Not at all! A denial of penal substitution theology does not equal a denial of Christ's suffering.
What's the Orthodox theory instead of this, then?
The Orthodox "theory" is that it works because it works, and if one kind of language helps you draw closer to it, then more power to you.
To paraphrase C.S. Lewis a bit (and it was he who helped me to see that one can deny "penal substitutionary atonement" as an absolute reality and still affirm that Christ suffered and died for us), we have to be careful that we do not confuse the "thing" with the "explanation of the thing". He gives an example of eating supper: long before we developed our modern understanding of acids and proteins and minerals and such, people still ate their supper and benefited from it. Whether they understood how it worked or not, they still ate, and they still knew that it was good to eat. And it could be that our understanding of nutrition is flawed, and perhaps some day in the future we'll have a different explanation as to why eating supper is good for us. But that won't make our experience of eating supper any less significant, or any less real, or any less good.
It's the same with Christ. There are different ways of explaining why He did what He did, and why it benefits mankind. But whether we have the
exact understanding or not, it doesn't change our experience with that reality and make it any less good for us.
Another issue is that Who Christ is and what He has accomplished for us is something that is beyond the ability of human language to fully express. Although we speak and communicate ideas with speech, there are things, especially pertaining to God, that our language simply cannot fully express. Christ and our salvation are the same way. We can use human experiences and examples as means of describing what Christ did, but all those examples and models ultimately fall short. In other words, the best that we can do with human language is to make analogies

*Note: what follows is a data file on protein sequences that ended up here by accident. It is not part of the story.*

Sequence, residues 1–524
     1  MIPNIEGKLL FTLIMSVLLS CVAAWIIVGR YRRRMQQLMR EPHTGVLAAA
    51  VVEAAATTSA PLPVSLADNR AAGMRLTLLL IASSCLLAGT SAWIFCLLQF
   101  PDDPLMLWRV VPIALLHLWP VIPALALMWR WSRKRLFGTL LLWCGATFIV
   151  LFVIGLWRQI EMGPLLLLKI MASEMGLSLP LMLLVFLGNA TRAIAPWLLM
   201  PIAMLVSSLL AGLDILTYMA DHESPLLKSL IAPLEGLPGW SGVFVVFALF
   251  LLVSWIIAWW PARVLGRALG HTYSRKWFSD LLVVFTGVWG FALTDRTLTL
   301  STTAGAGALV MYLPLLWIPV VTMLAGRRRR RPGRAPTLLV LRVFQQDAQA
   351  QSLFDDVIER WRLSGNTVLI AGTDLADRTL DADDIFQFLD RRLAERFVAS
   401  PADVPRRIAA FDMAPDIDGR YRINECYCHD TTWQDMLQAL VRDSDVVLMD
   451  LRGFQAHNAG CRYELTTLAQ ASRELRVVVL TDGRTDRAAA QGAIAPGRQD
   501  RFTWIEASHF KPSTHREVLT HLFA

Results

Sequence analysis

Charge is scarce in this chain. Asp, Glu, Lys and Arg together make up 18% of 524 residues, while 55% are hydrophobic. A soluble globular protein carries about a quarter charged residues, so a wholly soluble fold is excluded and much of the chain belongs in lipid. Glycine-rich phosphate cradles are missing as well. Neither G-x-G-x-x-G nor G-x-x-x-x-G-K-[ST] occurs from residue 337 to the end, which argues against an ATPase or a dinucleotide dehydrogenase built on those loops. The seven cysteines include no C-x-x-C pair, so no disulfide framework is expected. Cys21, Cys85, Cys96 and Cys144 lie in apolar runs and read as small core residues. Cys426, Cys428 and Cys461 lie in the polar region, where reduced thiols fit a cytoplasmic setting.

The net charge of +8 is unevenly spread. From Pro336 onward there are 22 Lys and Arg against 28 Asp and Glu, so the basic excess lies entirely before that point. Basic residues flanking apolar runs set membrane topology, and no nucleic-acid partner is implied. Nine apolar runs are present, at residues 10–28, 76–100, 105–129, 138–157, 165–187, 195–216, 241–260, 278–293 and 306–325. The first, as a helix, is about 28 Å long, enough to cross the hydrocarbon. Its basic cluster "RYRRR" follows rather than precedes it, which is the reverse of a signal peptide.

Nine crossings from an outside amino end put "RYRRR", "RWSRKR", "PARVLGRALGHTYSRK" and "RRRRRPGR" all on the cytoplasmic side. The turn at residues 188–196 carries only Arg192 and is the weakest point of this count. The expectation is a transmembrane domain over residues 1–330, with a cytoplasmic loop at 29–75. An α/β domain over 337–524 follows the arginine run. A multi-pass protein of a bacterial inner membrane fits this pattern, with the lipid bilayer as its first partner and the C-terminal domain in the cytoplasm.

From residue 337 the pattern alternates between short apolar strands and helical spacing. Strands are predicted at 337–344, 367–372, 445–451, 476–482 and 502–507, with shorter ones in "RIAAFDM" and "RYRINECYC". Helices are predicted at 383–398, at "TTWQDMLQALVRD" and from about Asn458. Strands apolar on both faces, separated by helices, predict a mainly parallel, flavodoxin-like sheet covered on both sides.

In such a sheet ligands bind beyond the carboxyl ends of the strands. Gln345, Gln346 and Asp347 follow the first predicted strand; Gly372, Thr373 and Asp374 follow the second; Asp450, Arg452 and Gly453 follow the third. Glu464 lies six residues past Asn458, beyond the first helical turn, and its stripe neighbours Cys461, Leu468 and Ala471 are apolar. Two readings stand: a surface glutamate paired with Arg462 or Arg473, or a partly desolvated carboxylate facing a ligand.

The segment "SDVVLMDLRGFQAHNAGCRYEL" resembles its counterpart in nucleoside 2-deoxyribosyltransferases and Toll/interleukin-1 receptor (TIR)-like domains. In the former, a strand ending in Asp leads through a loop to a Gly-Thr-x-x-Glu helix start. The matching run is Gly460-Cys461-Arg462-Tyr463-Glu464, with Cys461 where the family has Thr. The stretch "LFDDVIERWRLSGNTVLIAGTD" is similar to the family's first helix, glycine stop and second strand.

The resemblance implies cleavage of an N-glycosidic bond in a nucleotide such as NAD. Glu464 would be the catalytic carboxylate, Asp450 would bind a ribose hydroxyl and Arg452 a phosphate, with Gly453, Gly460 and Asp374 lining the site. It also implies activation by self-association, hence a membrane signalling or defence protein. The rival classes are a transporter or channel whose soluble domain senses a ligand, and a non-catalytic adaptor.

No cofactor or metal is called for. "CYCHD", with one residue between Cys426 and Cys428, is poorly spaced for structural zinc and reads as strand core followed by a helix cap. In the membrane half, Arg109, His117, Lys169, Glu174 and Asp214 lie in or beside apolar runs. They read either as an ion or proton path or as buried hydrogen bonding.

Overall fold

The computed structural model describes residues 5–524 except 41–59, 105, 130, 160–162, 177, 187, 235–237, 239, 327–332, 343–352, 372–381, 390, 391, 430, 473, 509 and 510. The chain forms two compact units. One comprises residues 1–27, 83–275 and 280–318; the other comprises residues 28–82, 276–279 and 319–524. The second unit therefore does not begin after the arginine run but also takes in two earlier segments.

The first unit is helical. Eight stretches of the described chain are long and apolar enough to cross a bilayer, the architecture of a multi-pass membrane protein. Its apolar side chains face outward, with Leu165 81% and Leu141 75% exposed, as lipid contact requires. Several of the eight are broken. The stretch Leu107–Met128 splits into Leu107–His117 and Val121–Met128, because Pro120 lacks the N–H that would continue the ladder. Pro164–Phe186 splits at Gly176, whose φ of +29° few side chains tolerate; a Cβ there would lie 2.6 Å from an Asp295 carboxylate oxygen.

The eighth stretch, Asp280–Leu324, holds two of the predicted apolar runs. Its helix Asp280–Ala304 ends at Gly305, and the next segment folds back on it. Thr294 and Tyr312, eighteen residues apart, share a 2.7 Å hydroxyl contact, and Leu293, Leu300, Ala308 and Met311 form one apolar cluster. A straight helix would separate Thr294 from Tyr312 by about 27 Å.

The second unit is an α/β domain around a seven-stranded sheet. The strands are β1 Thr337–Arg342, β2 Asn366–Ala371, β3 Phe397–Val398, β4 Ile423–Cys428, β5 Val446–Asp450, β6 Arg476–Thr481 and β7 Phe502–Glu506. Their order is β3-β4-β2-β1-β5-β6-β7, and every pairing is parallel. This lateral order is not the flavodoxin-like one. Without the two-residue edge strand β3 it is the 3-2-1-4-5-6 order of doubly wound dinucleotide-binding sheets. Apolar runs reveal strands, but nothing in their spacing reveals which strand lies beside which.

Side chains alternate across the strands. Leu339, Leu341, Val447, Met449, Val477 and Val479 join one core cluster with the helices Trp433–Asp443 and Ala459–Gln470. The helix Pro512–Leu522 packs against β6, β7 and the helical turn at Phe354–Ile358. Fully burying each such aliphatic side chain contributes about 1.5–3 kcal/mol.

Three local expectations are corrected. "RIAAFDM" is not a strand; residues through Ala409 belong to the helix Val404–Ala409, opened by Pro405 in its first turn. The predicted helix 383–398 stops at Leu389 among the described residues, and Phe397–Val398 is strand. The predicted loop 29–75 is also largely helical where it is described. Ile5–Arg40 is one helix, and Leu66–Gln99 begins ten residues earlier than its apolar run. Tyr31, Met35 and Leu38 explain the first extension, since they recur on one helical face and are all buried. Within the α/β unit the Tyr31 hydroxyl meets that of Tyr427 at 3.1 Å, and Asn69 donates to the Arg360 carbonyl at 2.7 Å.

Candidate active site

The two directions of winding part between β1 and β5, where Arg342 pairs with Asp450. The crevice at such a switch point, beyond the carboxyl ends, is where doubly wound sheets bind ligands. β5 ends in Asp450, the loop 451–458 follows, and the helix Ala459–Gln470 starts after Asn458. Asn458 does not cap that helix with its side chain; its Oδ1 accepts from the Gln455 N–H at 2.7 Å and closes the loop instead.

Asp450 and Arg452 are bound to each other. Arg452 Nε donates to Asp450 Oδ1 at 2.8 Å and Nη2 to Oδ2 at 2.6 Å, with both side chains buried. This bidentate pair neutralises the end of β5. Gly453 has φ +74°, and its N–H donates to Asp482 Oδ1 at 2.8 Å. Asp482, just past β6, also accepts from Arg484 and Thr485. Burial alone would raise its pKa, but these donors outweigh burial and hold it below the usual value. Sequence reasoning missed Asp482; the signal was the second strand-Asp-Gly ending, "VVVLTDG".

of this, but we will never be able to make a tautology
We find this all over the New Testament, especially in the Gospels (Christ makes use of a wide range of "atonement theories", so to speak). Christ uses the analogy of being lost and then being found; of being judged for a crime; of being sick and then being made well; of being on the wrong path and then finding the true path; etc. Paul and the other Apostles make use of a variety of analogies as well: being dead and being made alive; being in darkness and then coming into the light; being objects of wrath and then being made objects of mercy; etc. All of these analogies are different, and none of them are
the actual reality of our salvation.
So there really is not problem with the use of substitutionary language. That only becomes a problem when people try to make substitutionary language to be "the thing", as if it were the totality of the reality of our salvation. And because of all the baggage associated with that language and the layers of theology that are built upon it in many Protestant circles, we tend just to avoid the language altogether lest people think that we agree with all the "baggage" that is most often associated with that language.